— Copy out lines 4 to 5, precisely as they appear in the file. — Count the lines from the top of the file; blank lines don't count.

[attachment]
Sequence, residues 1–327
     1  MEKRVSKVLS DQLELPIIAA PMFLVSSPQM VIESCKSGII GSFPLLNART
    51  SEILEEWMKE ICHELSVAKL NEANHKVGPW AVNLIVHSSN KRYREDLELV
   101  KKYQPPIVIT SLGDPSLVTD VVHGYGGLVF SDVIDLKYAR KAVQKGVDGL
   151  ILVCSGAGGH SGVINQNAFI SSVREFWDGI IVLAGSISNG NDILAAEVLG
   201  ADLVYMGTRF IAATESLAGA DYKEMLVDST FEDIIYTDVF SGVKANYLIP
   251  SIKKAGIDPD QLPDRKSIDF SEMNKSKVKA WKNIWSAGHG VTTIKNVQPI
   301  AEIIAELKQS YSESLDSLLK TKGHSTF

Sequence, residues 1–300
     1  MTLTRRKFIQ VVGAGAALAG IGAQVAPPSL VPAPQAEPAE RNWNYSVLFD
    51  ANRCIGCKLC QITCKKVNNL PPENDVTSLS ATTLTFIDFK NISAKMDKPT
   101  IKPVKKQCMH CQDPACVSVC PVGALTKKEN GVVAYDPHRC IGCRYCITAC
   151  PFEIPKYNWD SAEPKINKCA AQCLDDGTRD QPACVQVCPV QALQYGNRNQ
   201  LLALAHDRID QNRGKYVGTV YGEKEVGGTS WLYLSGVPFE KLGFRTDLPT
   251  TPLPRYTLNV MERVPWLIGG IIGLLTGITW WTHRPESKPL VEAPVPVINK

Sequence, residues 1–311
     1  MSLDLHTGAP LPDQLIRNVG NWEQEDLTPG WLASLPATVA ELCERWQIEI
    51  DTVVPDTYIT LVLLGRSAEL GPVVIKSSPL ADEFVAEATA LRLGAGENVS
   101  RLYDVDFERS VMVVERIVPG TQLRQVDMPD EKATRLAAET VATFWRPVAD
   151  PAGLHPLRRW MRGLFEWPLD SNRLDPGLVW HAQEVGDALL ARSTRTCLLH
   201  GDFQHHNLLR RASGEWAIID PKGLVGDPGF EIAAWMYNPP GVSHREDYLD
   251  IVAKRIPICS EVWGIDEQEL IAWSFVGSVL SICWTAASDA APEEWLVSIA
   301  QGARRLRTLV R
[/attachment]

   101  KKYQPPIVIT SLGDPSLVTD VVHGYGGLVF SDVIDLKYAR KAVQKGVDGL
   151  ILVCSGAGGH SGVINQNAFI SSVREFWDGI IVLAGSISNG NDILAAEVLG